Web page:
Although it is easy to adopt a belief or philosophy of technological determinism with any technology, particularly one that seems to be as omnipresent as social media – easy to see social media as a technology that is causing an increasing lack of intimacy in interpersonal relationships, or at least transforming our conceptions of intimacy – it is clear that the relationship between intimacy in our interpersonal relationships and technology is far more complex than that (Hinton & Hjorth, 2013, p. 136). Indeed, the relationship between intimacy in interpersonal relationships and the technology of social media is particularly complex because of the extent to which it has infiltrated aspects of our everyday lives and made itself integral to them. Rather than seeing social media as a radical technology that is simply causing an increasing lack of intimacy in interpersonal relationships, therefore, we should see it as one that is both reflecting and responding to transformations in our culture and society, as well as our conceptions of intimacy, and transforming our culture and society, as well as our conceptions of intimacy (Hinton & Hjorth, 2013, p. 136).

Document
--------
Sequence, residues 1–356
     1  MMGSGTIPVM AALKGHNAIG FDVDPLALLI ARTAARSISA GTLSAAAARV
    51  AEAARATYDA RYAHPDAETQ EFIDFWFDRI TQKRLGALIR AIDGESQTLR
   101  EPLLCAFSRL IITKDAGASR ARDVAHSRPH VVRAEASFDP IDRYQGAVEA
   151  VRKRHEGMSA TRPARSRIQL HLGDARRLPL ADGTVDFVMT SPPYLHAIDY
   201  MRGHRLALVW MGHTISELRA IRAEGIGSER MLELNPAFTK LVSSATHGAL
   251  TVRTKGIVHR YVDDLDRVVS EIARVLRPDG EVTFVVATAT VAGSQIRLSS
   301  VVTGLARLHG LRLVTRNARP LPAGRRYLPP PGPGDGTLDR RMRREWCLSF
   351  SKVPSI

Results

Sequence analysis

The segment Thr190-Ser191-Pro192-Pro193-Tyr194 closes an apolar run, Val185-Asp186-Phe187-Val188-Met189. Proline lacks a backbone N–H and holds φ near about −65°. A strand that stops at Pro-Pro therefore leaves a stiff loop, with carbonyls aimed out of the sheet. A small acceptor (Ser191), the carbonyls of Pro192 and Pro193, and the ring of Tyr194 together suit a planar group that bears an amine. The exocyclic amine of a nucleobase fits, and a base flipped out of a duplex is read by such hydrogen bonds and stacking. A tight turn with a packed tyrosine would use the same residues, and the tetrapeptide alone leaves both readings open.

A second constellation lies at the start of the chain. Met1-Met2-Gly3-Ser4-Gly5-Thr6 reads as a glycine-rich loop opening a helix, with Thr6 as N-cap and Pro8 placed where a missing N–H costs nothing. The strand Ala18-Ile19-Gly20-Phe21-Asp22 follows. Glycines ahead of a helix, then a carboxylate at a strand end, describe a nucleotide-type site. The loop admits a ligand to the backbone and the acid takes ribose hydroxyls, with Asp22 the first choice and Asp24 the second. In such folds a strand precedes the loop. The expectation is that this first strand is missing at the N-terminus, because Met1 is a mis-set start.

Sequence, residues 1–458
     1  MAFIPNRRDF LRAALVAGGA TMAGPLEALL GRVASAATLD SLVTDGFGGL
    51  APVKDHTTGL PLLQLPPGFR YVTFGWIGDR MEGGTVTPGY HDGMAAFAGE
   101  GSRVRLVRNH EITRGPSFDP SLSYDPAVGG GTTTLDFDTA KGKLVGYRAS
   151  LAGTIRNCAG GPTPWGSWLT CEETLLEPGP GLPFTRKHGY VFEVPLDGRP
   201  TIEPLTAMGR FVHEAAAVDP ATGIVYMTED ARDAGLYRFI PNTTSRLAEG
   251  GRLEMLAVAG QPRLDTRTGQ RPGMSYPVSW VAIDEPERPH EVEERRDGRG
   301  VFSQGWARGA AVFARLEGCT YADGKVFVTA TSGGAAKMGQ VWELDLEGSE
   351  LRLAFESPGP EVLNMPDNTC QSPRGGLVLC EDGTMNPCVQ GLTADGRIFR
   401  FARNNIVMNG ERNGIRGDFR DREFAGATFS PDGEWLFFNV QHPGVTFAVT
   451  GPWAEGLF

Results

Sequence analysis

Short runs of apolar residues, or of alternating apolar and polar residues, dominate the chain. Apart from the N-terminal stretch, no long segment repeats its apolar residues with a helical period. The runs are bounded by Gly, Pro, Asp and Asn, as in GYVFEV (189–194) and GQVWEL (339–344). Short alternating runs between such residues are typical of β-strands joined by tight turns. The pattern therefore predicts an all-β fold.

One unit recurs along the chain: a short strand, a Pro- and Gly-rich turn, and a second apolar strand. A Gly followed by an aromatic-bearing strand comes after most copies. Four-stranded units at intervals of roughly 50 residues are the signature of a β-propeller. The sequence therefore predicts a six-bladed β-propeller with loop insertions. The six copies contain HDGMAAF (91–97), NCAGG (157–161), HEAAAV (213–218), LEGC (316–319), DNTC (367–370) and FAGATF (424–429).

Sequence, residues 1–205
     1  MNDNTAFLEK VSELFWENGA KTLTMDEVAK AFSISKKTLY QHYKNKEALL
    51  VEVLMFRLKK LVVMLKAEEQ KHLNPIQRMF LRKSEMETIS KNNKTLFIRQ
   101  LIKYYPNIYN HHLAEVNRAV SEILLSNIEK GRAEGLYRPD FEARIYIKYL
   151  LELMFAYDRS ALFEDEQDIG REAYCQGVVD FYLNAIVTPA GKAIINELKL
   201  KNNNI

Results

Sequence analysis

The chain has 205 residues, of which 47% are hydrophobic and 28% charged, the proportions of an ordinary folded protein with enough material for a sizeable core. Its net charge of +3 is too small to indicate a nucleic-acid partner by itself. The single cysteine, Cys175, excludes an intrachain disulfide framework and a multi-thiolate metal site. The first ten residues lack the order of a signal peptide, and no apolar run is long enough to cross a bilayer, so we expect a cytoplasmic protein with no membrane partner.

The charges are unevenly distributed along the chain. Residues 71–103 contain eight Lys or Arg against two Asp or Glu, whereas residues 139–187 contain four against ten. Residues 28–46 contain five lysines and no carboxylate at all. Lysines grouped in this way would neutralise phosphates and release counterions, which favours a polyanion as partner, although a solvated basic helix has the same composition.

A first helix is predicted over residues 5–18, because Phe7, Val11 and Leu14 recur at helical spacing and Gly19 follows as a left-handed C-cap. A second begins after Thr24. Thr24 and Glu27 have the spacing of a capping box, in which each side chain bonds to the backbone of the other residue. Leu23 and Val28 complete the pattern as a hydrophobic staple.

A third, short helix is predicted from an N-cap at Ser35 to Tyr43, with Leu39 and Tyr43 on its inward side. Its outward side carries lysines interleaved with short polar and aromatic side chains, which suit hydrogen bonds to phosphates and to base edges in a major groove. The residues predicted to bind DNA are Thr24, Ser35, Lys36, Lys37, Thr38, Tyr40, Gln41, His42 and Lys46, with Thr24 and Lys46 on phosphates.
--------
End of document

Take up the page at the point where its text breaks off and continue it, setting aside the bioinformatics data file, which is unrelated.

Hjorth (2005) rightly argues that interpersonal relationships have always been mediated by technologies, with past technologies like letters, for example, acting as a substitute for the physical presence of a person and mediating interpersonal intimacies before present technologies, including emails, did the same. Milne (2004) rightly argues further that social media functions is simply yet another technology that is acting as a substitute for the physical presence of a person and mediating interpersonal relationships, and should therefore be historically contextualised with other technologies that have done the same thing. They argue, therefore, that social media has not simply transformed our conceptions of intimacy, but that it is another technology that is acting as a substitute for the physical presence of another person and mediating interpersonal relationships, and thereby reflecting and responding to transformations in our conceptions of intimacy and transforming our conceptions of intimacy.